Getting Mugged Taught Me About Safety Abroad
Although the experience would teach me so much about safety abroad, I nearly didn’t go out on the night I was mugged. I’d been sick with Madrid’s latest language assistant bug for a full week longer than my doctor’s other patients. He recommended that I not drink until fully recovered, since it had been taking so long for me to get better. However, my brother and his girlfriend were arriving in Madrid to visit that Monday, and I wanted one more night with my friend Juliet before the family frivolities began. I wore my new tangerine-colored heels, even though they were still giving me blisters, in an effort to convince even myself that I was feeling up for the task.
Those same tangerine heels were what left me unable to run when Juliet pointed out that we were being followed. Thankfully, she didn’t have the patience to let her own heels lengthen the journey between the club and our beds. While I walked home in my heels, she went shoeless. This meant that without shoes she could run for the nearest well-lit street and scream for help. Having been struggling to walk all night but too particular about dirty feet to take my shoes off, I wasn’t so lucky. By the time help arrived, I had lost all of my loose belongings.
Safety Abroad and the Aftermath of Getting Mugged
To answer any of your questions in advance: yes, I’m okay. Yes, to get mugged was terrifying. I didn’t feel comfortable whenever someone would walk behind me for the next week. No, I don’t want to go into full detail about what happened. Yes, I still enjoy going for walks around the city – Madrid’s miraculous walkability will stick with me every time I’ll make decisions about where I want to live, more so than one unlucky night. And at the end of the day, those daily wonders about living here overshadow that one night of horrific luck.
However, that one moment did have a ripple effect of inconveniences. Some of these inconveniences have continued to surface even over half a year later. I was lucky to get under control again smoothly, but every once in a while I’ve been hit by an unexpected consequence. Having made it through the worst of it without too much bitterness, here are five things I know now about safety abroad.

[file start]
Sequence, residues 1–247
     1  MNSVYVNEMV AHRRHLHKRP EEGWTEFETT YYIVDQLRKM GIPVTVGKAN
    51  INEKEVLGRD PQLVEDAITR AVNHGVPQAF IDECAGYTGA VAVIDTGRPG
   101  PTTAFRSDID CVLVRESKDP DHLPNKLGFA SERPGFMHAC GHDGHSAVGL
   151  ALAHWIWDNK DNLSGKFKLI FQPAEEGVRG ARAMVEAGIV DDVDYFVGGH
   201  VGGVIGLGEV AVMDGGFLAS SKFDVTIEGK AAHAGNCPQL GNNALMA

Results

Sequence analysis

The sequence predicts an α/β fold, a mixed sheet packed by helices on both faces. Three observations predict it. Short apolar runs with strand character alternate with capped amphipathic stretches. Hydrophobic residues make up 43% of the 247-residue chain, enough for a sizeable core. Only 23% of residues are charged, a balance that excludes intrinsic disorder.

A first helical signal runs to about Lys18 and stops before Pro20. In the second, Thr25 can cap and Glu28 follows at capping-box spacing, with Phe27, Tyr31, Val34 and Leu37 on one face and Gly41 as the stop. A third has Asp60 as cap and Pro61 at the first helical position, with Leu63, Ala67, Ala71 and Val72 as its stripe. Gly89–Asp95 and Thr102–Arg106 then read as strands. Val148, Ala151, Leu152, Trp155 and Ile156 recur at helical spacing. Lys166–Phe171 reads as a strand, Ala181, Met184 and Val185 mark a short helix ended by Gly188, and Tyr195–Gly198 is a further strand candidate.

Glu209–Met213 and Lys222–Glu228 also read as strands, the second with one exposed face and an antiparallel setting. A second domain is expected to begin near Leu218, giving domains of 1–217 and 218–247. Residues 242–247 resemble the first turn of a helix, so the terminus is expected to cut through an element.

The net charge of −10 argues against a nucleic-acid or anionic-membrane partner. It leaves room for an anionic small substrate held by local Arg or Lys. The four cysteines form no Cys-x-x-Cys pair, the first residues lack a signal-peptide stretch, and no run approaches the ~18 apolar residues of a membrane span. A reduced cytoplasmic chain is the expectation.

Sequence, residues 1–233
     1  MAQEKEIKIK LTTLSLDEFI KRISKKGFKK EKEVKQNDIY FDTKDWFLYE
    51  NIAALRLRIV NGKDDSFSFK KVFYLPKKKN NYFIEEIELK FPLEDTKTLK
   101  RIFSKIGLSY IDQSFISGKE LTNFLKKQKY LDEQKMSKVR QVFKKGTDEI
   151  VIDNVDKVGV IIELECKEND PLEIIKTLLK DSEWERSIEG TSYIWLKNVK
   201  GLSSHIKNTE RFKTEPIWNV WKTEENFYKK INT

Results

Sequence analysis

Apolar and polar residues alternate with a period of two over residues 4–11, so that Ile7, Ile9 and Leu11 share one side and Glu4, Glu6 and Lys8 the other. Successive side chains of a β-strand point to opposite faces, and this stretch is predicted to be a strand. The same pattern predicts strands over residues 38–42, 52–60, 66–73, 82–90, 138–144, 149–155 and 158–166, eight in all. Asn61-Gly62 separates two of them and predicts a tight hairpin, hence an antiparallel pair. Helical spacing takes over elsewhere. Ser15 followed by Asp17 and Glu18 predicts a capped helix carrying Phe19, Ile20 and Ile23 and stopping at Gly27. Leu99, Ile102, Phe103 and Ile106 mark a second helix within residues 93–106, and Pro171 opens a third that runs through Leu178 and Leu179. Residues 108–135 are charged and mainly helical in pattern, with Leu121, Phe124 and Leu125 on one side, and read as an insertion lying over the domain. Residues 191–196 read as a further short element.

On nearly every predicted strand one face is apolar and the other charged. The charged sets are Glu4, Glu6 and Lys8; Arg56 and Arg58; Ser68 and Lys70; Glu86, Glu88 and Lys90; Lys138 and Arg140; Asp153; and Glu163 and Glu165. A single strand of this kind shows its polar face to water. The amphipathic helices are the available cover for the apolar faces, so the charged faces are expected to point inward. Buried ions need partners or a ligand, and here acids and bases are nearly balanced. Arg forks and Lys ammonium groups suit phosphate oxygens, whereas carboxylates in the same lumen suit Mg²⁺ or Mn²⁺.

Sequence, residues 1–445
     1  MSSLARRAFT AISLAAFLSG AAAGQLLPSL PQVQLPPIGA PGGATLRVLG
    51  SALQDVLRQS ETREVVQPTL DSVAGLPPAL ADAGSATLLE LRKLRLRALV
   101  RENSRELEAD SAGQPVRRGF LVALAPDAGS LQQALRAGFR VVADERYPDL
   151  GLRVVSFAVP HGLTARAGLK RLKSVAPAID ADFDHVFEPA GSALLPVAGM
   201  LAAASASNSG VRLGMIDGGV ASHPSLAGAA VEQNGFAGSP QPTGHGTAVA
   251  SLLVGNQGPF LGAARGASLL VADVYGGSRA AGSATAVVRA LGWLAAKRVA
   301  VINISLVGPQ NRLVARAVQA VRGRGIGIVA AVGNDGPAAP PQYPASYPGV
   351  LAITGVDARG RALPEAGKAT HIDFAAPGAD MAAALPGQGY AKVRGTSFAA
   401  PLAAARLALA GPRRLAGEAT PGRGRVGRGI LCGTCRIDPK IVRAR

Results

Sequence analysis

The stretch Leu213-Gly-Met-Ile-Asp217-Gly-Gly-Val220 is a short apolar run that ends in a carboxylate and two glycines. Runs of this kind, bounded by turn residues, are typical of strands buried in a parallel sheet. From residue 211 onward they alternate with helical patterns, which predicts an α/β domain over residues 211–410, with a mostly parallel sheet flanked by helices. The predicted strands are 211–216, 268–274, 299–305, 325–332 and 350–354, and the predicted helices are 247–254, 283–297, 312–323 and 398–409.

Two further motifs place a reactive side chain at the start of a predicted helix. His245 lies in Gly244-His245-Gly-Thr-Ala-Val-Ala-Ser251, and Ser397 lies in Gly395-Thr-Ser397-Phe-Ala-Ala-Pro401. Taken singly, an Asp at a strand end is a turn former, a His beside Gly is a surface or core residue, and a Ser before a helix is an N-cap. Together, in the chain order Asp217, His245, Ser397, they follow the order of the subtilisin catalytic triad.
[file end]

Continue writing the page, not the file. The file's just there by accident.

1) Immediate Action Is Required
Definitely scream at some point. Feel better? No? That’s okay, but you’ll feel worse if you learn the next morning that your credit cards were emptied out when you decided to go to sleep before turning them off. Take an inventory for what you’ve lost. Get any sensitive material on lockdown; namely shutting off your phone and canceling your credit cards. If you don’t have access to a phone to do this, find a 24-hour cafe and plead your case. You could also wait until you get to the police station.
Speaking of the police, you should make a denuncia, or official report, as soon as possible. This is a safety abroad essential. Do this while the details are still fresh and you haven’t yet been caught up in the recovery whirlwind. Hold onto your copy of it for dear life over the coming months. You will need it to replace other documents such as a Foreigner’s ID card.
Although violent robberies are very uncommon in Madrid, the best way to avoid unwanted encounters in Madrid altogether is by taking a taxi. FREE NOW is a popular app that will call cabs to any place you’d like. It includes driver ratings and price predictions. There are also many promo codes.
2) Establish Your Safety Abroad Necessities for the Next Two Weeks
So you’ve finally awakened from the post-4-AM-trip-to-the-police-station-hibernation. With the encouragement of a bomb breakfast that reminds you that yes, there is good in the outside world, you’re ready to get out into it and start putting your life back together. But wait… how can you get around if your public transport card is among the stolen?